One of my hot buttons, which Telzio has solved, is that on-hold music in these sorts of systems usually sounds horrible. Same thing with the custom recording capability that users do for their voicemails. The RCs, Nextivas and other VoIP providers seem to compress the hell out of whatever file you upload or record with their systems. That bad quality is a deal-killer for me and again, is a problem Telzio has solved. When I upload a very high quality .wav file to Telzio, it ends up sounding much better than any other system I’ve ever used.

So imagine my delight in being able to set up a call flow that usually takes hours and hours…but with Telzio took 15 minutes. Below is my first one and I kept thinking, “Hmm…it can’t be this easy. There must be some fatal flaw somewhere.” But as I’ve discovered, there isn’t one. It’s just elegant design that is intuitive connected to a backend that just works.

An example Telzio call flow

For my call flow test I set up the Opening Hours as you see above, recorded a test “after hours” voicemail (the one to the left where it says “Closed”), then set up the Interactive Voice Response (IVR) Menu for when our company is open for business.

Next I set up three groups, each with their own voicemail and phone numbers. If you pressed “1” you’d go to Sales; “2” forwards to Support; and “3” goes to Consulting services.

I know this call flow is simple but again, creating this call flow took me 15 minutes and would have taken at least 3-4 hours with RingCentral. Likely I would have been on with tech support at some point too.

I was sold.

We’ve now set up our call flows and even configured our VoIP phones. The big thing for us is simple call transfer and each VoIP phone/user has its own custom ringing for either an outside incoming call or for a call transferred from within our group (and yes, call transfer works great even if a remote employee answers the call and wants to transfer it to any other user in your Telzio account).

Full Telzio setup and setting up our VoIP phones did take several hours (and porting over our phone numbers several days), but we did it all ourselves and I did about 75% of it myself. The biggest bonus was that it was actually enjoyable to set it all up and configure everything. Their support folks are really great and very responsive.

Configuring our Yealink VoIP phones was no more difficult than setting up a home Wifi router.

Configuring our Yealink VoIP phones was no more difficult than setting up a home Wifi router.

Though we’ve only been running for just over a month with Telzio—so we don’t have a long history on calling costs—our initial analysis shows that we will only spend between $50 and $70 per month (vs. $170/month with RingCentral). That’s at or near a $100 per month savings, along with having a phone system that is enjoyable to use as well.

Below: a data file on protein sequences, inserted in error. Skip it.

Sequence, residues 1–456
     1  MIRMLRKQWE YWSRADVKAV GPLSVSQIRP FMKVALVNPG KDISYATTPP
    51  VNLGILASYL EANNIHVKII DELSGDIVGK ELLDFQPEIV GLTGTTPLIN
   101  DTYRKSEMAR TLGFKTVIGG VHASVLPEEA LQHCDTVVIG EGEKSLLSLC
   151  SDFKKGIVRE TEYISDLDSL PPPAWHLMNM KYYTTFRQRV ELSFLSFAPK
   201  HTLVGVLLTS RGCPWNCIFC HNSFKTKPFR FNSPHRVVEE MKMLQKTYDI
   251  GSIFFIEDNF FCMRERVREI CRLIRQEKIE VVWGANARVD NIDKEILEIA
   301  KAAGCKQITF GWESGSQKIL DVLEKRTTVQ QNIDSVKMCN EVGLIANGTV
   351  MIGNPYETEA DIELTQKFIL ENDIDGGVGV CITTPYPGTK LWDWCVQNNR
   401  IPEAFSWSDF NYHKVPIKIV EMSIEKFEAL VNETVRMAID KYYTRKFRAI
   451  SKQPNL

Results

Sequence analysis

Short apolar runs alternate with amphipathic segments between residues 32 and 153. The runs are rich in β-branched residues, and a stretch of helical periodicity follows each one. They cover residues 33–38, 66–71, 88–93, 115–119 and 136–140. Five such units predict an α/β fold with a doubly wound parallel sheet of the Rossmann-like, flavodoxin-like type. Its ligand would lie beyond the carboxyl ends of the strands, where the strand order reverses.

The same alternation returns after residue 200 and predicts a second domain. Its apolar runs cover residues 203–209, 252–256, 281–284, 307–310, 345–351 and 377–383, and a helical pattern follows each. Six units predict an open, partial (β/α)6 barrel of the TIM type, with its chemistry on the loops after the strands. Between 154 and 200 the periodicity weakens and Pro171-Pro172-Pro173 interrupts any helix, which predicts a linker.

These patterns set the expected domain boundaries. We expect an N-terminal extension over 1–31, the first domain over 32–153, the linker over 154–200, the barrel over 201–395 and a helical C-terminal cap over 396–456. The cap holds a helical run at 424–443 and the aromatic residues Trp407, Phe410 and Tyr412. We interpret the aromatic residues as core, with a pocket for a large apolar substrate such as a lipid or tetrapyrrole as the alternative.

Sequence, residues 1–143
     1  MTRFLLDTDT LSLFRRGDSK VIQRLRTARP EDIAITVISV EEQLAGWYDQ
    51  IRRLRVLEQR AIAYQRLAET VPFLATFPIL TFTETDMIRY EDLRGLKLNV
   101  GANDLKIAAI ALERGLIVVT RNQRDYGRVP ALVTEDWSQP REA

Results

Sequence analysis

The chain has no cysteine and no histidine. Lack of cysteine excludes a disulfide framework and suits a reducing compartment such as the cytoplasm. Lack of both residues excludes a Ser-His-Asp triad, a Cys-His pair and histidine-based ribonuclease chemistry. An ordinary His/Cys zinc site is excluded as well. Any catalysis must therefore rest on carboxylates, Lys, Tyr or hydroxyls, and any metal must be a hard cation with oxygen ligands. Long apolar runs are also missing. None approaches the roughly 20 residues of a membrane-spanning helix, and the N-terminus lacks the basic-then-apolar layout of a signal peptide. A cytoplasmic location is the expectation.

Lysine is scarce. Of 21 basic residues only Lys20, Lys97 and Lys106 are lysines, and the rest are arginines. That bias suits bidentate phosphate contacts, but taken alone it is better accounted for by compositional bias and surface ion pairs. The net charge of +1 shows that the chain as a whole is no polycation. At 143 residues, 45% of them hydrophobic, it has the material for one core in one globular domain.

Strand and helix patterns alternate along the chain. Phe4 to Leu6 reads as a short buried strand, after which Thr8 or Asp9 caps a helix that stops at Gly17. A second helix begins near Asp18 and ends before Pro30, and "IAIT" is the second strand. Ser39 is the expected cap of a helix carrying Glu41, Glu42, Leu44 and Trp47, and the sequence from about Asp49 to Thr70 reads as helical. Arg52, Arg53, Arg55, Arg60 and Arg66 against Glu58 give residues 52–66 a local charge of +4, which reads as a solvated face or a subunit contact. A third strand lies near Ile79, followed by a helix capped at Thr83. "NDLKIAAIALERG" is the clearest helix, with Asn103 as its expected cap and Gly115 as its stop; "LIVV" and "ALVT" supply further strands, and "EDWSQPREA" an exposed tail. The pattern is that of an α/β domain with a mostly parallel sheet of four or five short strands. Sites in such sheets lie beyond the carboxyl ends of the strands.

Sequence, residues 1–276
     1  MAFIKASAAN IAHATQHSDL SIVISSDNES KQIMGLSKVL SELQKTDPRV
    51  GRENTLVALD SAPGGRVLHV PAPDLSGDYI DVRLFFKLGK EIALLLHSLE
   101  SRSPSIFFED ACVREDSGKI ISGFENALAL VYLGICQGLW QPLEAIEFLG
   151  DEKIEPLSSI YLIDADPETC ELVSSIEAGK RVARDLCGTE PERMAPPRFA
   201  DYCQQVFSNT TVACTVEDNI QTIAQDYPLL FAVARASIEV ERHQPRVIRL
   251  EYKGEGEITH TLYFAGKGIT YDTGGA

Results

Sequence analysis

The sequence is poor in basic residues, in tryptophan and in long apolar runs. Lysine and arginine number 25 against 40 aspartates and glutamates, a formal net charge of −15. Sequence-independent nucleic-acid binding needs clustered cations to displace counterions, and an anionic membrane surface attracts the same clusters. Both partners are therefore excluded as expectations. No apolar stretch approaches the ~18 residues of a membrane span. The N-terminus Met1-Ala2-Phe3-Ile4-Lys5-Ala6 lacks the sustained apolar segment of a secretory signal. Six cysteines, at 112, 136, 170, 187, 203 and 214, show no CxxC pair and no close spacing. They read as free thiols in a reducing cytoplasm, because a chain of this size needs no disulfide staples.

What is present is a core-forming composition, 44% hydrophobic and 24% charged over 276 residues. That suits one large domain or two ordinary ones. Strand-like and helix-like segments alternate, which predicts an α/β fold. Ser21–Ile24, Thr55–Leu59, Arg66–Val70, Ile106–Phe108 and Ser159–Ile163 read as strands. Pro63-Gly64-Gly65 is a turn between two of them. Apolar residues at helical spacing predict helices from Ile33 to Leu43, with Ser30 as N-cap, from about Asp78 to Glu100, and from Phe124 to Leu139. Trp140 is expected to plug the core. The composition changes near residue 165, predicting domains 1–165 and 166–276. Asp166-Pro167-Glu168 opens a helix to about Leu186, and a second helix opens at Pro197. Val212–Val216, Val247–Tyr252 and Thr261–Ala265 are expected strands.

I’ve already evangelized Telzio on our Minnov8 Gang podcast and are telling many of the entrepreneurs I know, and a bunch of non-profits I work with, all about it. Virtually all of them have people in-office, in home or remote locations, are often all over the world, and certainly have many phones or voice apps they want to ring when a business call comes in for them. Telzio is the perfect system to coordinate and orchestrate all of those voice touch points. It also makes the set up, and management of, complex call flows trivial to create and use.

Go to Telzio now and try their demo. You’ll be glad you did.

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  1. VoIP: Advantageous for SMBs - Telzio Blog on April 17, 2015 at 4:57 am

    […] require any third-party assistance. Steve Borsch who heads up several online businesses including Connecting the Dots, says, “Telzio’s [call flow system] is an elegant design that is an intuitive connectivity to a […]

  2. […] VoIP strategist Steve Borsch noted in a recent review that “if you are a startup, small business, non-profit, or any […]

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About Steve Borsch

Strategist. Learner. Idea Guy. Salesman. Connector of Dots. Friend. Husband & Dad. CEO. Janitor. More here.

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Podcasting hit the mainstream in July of 2005 when Apple added podcast show support within iTunes. I'd seen this coming so started podcasting in May of 2005 and kept going until August of 2007. Unfortunately was never 'discovered' by national broadcasters, but made a delightfully large number of connections with people all over the world because of these shows. Click here to view the archive of my podcast posts.